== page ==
I Wear the Sun Differently

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The sun is shining
and so are you —
your smile is full
of rainbows and
blueberries…and
hope. But, I wear the sun
differently. My eyes —
cloaked in the melancholy
of your scars —
cloud and bring forth
vengeful floods,
unsettled and unavoidable.
My love is messy —
to say the least. Pieces
of me and you are
scattered like ash
in a blaze of
stardust and dreams.
My anvil’d heart
sinks into the depth
of your ocean eyes.
Your words, like water,
wash through me
as you burst into
colors of vibrant mists —
your hues of healing light
glitter the path
to what will make
me whole again.


about the painting: “The Wanderer above the Sea of Fog” (oil on canvas) piece was painted by the German Romantic artist Caspar David Friedrich in 1818.

An Open Letter to the Nymph (you know who you are),

Not sure if you are aware, but that poem was for my LOVE
not some sprite who runs around without any clothes on.
If we want to talk about liars, why don’t you go ahead and
tell me your age, or who you were with last night —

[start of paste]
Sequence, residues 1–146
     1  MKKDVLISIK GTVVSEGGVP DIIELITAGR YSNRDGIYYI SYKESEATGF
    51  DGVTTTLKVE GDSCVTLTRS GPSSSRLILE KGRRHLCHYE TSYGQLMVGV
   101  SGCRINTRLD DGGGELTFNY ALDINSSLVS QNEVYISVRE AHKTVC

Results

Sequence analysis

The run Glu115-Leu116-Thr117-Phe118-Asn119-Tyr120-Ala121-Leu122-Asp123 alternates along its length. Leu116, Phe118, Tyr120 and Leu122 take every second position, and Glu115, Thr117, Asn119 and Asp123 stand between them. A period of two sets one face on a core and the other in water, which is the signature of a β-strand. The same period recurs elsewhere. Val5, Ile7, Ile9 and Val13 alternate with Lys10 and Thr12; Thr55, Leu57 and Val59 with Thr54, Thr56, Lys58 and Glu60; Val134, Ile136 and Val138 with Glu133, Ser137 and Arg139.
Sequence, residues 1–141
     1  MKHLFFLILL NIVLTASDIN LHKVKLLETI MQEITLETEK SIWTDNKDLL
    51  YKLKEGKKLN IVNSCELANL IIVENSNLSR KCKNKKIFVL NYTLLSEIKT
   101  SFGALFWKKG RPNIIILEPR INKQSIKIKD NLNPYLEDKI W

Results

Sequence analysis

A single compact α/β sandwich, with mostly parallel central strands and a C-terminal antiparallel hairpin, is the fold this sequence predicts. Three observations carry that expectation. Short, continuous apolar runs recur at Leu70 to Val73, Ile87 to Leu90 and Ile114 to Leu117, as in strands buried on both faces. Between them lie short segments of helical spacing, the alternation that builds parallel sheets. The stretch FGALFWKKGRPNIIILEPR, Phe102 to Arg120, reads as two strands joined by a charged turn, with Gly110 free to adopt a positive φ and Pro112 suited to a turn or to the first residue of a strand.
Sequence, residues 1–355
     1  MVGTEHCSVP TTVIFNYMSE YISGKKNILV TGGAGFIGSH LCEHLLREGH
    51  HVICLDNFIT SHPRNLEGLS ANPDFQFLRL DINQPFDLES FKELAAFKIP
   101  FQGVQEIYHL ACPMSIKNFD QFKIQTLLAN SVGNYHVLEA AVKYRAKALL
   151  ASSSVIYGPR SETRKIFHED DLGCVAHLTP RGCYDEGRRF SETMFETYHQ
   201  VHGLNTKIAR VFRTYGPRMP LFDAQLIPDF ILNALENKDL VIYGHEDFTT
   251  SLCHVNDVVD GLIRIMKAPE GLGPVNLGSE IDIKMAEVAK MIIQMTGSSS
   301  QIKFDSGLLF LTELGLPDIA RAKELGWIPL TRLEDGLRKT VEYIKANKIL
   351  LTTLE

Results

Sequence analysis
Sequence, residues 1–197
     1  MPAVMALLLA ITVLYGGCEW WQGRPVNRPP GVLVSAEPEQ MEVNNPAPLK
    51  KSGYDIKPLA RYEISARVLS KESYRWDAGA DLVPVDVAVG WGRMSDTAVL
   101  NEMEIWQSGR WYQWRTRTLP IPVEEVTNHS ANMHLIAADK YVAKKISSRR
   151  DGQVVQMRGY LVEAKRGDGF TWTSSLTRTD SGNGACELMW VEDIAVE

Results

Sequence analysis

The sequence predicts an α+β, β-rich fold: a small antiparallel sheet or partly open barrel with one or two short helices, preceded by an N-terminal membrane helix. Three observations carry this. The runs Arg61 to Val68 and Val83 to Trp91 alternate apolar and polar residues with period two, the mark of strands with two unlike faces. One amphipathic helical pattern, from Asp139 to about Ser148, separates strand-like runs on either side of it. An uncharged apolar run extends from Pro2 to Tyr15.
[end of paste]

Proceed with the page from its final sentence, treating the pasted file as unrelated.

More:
What was that? I couldn’t hear you over the symphony of the
birds. The nightingale in particular is sounding lovely these days.
In fact, I can’t get him to shut up. I guess we just
hear what we want to, don’t we?

Winter, yes, the killing frost will come, but I’ve got a nice
little place in the woods by the lake. I build fires
and drink a little hot cider — it’s really enchanting.
You’re right though, the flowers do die, I never really said they wouldn’t.

A honeyed tongue, sounds messy, but if you’re into that sort
of thing I hear the satyrs are game for anything.
Me? Myself? Well, I’m more of the sensitive and romantic type:
you know, the kind who makes more than breakfast in bed.

Best,

The Passionate Shepherd

Today’s NaPoWriMo challenge is to “write a persona poem – a poem in the voice of someone else. Your persona could be a mythological or fictional character, a historical figure, or even an inanimate object.”

Christopher Marlowe’s pastoral poem “The Passionate Shepherd to His Love” has inspired many poems, so I wanted in on the action. I wrote back in response to Sir Walter Raleigh’s poem “The Nymph Reply to the Shepherd” in the form of an open letter (that’s poetic free verse, right? So it counts, right?)

Here are the poems that started it all:

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